Researchers warn: junk food could be responsible for the food allergy epidemic

(Spink Health) Experts at the 52nd Annual Meeting of the European Society for Paediatric Gastroenterology, Hepatology and Nutrition are today presenting the results of a study that show higher levels of advanced glycation end products (AGEs), found in abundance in junk food, are associated with food allergy in children.
Source: EurekAlert! - Social and Behavioral Science - Category: International Medicine & Public Health Source Type: news

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(Boston Children's Hospital) A study by scientists at Boston Children's Hospital and Brigham and Women's Hospital, published today in Nature Medicine, makes a strong case that the national epidemic of food allergy is caused by the absence of certain beneficial bacteria in the human gut. 'The loss of these bacteria acts as a switch that makes children susceptible to food allergy,' says Talal Chatila, MD, director of the Food Allergy Program at Boston Children's and a senior author on the paper.
Source: EurekAlert! - Medicine and Health - Category: International Medicine & Public Health Source Type: news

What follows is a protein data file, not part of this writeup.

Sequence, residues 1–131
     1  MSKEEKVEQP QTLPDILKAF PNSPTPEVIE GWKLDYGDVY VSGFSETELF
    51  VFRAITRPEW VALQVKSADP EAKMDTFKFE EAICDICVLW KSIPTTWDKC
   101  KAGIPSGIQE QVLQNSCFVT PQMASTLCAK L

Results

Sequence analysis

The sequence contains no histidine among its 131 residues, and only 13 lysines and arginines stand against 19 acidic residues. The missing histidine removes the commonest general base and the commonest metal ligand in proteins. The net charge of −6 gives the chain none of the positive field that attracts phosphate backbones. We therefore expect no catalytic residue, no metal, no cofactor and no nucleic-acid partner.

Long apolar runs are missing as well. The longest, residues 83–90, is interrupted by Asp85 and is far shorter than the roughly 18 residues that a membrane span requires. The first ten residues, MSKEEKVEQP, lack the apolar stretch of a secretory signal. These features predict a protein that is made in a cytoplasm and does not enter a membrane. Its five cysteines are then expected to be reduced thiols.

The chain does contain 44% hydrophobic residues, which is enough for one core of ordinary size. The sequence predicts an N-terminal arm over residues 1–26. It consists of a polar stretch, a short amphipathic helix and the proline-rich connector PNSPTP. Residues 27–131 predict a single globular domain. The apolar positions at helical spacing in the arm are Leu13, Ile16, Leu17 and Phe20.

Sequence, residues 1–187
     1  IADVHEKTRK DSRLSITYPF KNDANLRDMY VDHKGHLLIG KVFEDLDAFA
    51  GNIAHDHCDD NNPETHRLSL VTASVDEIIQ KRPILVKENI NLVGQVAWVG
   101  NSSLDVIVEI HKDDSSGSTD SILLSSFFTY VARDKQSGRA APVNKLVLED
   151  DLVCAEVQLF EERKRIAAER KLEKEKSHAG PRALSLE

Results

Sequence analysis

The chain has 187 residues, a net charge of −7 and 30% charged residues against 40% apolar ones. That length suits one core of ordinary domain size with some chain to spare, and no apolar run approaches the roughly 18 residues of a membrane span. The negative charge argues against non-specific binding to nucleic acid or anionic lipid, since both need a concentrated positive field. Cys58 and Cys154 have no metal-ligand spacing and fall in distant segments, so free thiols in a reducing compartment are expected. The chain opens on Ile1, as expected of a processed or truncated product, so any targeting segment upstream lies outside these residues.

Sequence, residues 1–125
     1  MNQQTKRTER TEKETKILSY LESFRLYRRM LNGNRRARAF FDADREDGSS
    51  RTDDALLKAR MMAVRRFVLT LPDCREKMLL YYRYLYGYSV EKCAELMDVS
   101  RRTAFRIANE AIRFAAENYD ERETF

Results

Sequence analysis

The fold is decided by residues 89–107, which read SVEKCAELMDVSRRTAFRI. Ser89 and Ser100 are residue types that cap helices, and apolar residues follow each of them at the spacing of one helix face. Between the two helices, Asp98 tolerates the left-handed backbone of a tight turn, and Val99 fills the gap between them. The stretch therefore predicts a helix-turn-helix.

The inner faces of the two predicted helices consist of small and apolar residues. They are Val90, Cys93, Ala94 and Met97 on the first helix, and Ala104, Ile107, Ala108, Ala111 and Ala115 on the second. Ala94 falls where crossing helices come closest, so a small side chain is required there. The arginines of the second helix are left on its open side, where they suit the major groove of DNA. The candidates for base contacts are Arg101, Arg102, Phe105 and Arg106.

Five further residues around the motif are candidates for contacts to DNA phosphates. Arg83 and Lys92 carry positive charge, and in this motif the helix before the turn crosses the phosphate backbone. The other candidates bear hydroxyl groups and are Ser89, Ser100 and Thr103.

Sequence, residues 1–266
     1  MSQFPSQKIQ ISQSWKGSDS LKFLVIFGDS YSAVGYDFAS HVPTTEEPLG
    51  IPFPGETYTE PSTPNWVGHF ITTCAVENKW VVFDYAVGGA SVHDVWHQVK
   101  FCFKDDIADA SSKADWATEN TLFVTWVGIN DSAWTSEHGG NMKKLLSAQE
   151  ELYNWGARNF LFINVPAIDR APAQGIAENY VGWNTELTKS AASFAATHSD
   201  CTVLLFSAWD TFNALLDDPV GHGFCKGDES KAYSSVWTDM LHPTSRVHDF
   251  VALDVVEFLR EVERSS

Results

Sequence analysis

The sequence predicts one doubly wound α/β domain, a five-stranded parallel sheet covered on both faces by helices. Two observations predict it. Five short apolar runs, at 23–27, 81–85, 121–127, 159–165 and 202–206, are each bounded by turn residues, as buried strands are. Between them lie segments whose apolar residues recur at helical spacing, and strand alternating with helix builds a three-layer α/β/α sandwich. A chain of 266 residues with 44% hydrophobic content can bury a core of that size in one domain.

ConclusionsOmalizumab appears to be an excellent therapeutic option in children with inadequately controlled severe allergic asthma, allergic rhinitis and rhinosinusitis, with or without food allergy.
Source: Italian Journal of Pediatrics - Category: Pediatrics Source Type: research
Authors: Leung ASY, Leung NYH, Wai CYY, Leung TF, Wong GWK Abstract INTRODUCTION: Prevalence of food allergy is rising in different regions of the world. Asia has not been spared from this epidemic, but epidemiological data have revealed a different pattern of food allergens in this continent. Allergen-specific immunotherapy (AIT) for food allergy (FA), which has been revolutionary as the main focus of research in recent years, needs to be adapted for the different populations in Asia. Areas covered: Recent evidence shows increasing popularity and superiority of AIT over strict food avoidance as the cornerstone of ...
Source: Expert Review of Clinical Immunology - Category: Allergy & Immunology Tags: Expert Rev Clin Immunol Source Type: research
Antibiotics can be lifesaving, but they can have serious downsides — including increasing the risk of obesity when they are given early in life, according to a recent study. Antibiotics kill bacteria. That can be a very good thing when the bacteria are causing a serious infection. But antibiotics don’t limit themselves to killing infection-causing bacteria; they kill other bacteria in the body, too. And that can be a very bad thing. Our bodies are full of bacteria. These bacteria, part of our microbiome, are important. Along with other micro-organisms in our body, they play a role in how we digest foods, in nor...
Source: Harvard Health Blog - Category: Consumer Health News Authors: Tags: Children's Health Infectious diseases Parenting Source Type: blogs
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Source: Pediatric Allergy and Immunology - Category: Allergy & Immunology Authors: Tags: Review Source Type: research